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Editorial Comment: Impact of Darunavir for Salvage Therapy


Editorial Comment: Impact of Darunavir for Salvage Therapy

Most HIV clinicians can easily recall the frustration and dismay they felt when trying to construct a salvage antiretroviral regimen for a patient with significant antiretroviral resistance. Such a regimen was essential to stave off HIV disease progression and death, but the cross-resistance associated with the antiretroviral agents usually used in salvage regimens meant that complete suppression of viral replication was close to impossible to reestablish. The best hope was only for a modest degree of viral suppression brought about through some limited drug activity and the presence of antiretroviral resistance mutations associated with reduced fitness.

When successful, these partially suppressive salvage regimens would result in a stabilization of the patient's falling CD4+ cell count or, at times, a gain in CD4+ cells that pulled the patient out of a high-risk category. Unfortunately, however, these regimens proved to be either unsuccessful or not durable in many patients and, even in those with persistent CD4+ stabilization or recovery, often led to a further accumulation of resistance mutations, making the construction of a subsequent active regimen even more difficult, if not impossible.1,2

The excellent review article by Taiwo and Hicks3 discusses the most recently approved protease inhibitor (PI) darunavir, an important new drug in the treatment of highly antiretroviral-experienced patients. As these authors point out, darunavir has some unique characteristics that allow it to be active in patients with significant resistance to other PIs. As demonstrated in the POWER studies, the availability of darunavir should allow for the construction of an effective antiretroviral regimen for many patients
despite extended periods of antiretroviral exposure and high-grade antiretroviral resistance.4,5 With the introduction of antiretrovirals such as darunavir, complete viral suppression is now a plausible treatment goal for all persons with HIV infection, even for those who harbor highly drug-resistant virus.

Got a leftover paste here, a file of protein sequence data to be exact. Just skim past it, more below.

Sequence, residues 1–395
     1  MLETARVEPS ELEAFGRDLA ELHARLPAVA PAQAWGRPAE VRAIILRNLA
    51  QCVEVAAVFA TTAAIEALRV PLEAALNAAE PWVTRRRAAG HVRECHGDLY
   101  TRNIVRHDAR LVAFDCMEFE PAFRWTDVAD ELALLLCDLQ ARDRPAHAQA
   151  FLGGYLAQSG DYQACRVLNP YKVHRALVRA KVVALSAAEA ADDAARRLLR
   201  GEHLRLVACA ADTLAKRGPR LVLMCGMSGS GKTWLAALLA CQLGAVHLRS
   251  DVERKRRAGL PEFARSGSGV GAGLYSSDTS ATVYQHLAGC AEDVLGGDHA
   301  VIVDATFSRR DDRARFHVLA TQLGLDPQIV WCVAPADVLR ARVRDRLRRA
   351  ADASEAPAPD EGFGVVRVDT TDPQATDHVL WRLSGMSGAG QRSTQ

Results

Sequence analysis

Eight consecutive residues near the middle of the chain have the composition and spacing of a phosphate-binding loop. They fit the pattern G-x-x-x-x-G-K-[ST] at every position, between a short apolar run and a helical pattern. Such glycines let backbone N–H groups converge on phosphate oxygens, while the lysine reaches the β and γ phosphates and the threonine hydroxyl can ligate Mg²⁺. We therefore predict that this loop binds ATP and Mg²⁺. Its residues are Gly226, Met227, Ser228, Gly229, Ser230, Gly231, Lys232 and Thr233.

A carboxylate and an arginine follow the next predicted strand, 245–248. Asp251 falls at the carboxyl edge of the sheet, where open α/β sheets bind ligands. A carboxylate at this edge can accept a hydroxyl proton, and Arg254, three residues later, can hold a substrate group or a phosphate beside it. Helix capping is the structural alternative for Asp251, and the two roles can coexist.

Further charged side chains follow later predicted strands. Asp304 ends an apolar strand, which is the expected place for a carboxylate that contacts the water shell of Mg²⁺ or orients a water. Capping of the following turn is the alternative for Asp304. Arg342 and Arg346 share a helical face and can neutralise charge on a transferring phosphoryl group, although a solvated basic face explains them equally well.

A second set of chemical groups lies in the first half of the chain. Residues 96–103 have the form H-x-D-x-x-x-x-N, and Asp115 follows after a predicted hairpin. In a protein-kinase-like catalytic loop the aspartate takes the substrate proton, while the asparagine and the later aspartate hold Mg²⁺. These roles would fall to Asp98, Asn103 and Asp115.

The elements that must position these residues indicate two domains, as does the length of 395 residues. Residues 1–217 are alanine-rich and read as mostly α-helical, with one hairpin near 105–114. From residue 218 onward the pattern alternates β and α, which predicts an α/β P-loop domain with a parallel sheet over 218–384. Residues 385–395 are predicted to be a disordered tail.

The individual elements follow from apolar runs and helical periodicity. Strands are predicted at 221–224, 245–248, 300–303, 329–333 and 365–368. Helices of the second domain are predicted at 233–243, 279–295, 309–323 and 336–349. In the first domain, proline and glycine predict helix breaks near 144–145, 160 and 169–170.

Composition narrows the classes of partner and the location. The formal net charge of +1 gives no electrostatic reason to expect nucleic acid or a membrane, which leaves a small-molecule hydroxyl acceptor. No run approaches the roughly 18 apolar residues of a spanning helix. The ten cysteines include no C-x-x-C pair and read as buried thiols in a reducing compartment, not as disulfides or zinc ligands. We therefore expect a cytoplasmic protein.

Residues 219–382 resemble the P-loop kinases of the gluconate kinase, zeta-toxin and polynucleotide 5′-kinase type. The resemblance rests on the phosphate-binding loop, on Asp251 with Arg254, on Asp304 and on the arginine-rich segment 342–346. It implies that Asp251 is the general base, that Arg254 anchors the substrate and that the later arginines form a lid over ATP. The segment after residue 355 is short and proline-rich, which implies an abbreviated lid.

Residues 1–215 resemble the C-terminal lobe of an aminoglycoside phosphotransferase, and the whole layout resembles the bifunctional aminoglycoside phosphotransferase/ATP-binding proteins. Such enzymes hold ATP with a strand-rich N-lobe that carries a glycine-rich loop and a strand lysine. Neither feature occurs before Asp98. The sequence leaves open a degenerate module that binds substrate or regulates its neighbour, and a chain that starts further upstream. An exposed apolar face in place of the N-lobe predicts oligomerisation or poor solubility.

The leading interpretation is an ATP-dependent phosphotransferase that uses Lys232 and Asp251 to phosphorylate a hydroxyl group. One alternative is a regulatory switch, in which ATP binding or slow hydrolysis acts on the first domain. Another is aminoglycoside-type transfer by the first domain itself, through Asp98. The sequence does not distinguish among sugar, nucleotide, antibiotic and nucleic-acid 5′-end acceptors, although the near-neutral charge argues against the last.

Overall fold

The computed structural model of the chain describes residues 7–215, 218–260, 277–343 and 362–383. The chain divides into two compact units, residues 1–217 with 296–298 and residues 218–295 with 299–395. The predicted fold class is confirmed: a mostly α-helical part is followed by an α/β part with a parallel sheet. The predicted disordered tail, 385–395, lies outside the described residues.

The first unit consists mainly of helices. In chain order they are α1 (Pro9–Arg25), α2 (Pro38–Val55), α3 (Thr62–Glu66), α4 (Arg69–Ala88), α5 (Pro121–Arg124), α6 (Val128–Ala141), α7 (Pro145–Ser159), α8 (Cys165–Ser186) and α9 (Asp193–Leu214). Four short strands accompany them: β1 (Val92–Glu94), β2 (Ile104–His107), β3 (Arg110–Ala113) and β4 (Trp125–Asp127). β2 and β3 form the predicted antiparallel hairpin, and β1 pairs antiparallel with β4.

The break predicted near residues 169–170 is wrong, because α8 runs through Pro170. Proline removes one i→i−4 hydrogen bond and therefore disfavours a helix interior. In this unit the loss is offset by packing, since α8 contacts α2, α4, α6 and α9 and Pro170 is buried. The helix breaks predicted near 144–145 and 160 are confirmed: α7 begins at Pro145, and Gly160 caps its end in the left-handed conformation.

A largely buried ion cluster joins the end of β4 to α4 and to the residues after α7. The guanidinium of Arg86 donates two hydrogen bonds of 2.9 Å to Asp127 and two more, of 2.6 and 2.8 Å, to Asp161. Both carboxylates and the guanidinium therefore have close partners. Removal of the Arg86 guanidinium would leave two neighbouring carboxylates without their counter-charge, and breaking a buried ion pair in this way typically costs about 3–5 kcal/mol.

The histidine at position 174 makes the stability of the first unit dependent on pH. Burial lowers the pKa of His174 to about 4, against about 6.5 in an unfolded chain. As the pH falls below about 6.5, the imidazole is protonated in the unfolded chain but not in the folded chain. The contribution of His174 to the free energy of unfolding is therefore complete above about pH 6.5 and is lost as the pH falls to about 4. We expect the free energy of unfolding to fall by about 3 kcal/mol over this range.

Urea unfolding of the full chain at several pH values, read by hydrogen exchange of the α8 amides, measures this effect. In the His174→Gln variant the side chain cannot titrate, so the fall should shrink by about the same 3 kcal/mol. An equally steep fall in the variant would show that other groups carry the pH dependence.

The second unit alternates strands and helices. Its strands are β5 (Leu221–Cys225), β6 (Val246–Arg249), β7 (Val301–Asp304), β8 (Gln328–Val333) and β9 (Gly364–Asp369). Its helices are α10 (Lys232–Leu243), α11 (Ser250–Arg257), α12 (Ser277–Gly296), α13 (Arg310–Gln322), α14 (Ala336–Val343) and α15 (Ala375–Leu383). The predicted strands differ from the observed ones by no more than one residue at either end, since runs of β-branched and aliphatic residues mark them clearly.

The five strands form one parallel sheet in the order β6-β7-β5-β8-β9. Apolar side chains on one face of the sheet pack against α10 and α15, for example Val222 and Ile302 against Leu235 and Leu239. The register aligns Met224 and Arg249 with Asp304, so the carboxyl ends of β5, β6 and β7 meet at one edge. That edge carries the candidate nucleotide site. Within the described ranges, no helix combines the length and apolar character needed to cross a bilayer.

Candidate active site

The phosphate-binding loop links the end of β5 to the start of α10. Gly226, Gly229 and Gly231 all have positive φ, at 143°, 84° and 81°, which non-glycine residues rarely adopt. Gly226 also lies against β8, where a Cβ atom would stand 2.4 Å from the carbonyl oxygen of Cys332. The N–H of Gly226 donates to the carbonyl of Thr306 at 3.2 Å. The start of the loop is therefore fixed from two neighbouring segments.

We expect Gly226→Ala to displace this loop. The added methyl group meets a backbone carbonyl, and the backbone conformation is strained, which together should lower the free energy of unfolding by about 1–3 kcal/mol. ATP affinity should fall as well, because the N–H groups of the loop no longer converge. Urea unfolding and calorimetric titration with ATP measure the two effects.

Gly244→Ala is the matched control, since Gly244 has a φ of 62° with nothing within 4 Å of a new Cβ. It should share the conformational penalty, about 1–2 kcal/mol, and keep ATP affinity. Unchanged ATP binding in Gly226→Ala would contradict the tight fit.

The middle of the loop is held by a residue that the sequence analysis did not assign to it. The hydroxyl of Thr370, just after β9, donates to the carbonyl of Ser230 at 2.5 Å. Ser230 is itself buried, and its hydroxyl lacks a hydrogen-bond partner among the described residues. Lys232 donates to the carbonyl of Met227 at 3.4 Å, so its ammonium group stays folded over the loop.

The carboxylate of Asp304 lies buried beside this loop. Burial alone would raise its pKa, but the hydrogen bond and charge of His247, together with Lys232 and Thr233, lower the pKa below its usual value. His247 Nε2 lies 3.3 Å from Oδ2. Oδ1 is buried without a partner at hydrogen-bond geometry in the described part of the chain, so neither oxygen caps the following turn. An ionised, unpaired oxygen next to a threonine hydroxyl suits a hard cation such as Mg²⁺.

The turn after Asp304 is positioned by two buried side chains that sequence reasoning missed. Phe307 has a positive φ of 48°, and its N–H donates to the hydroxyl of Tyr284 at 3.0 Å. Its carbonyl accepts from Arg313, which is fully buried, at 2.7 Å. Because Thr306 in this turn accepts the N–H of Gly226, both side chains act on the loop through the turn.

Of course, there are some caveats. First, some patients with very high-grade PI resistance (ie, 9 or more PI mutations or, of more consequence, 4 or more darunavir-specific mutations) may have minimal response to darunavir.6 Fortunately, there is sufficient understanding of the predictors of response to darunavir that the selection of this PI can be appropriately made on the basis of resistance testing, which will indicate when darunavir is likely to be effective.

Second, darunavir should be combined with at least 1 other active antiretroviral agent to be the most effective. The robust genetic barrier of this PI, when boosted with ritonavir, to maintain partial viral suppression is an impressive and important feature, but even though the POWER studies have shown boosted darunavir to be effective in some patients who had no other active drugs in their antiretroviral regimen, the best results have been obtained when this boosted PI is used in combination with other active agents, especially when it is combined with enfuvirtide in enfuvirtide-naive patients.4,5,7

Fortunately, even if the patient now has no active drug options among the currently FDA-approved agents, the list of possible agents to combine with darunavir continues to expand, with a number of drugs in or approaching expanded access, including the CCR5 antagonist maraviroc, the integrase inhibitor MK-0518, and the second-generation NNRTI etravirine (also known as TMC125), in addition to other drugs available through clinical trial enrollment.

Encouraging preliminary data indicate that a regimen containing both darunavir and etravirine in heavily antiretroviral-resistant patients is particularly effective. In a pilot study, 10 patients with substantial resistance to all 3 traditional antiretroviral classes were treated with a regimen of darunavir, etravirine, and 2 or more NRTIs.8 At 12 weeks, all patients had achieved an HIV RNA level below 400 copies/mL and a decrease of at least 2 log10 copies/mL, with 8 of the patients achieving an HIV RNA level below 40 copies/mL. This strategy is currently being explored in larger trials.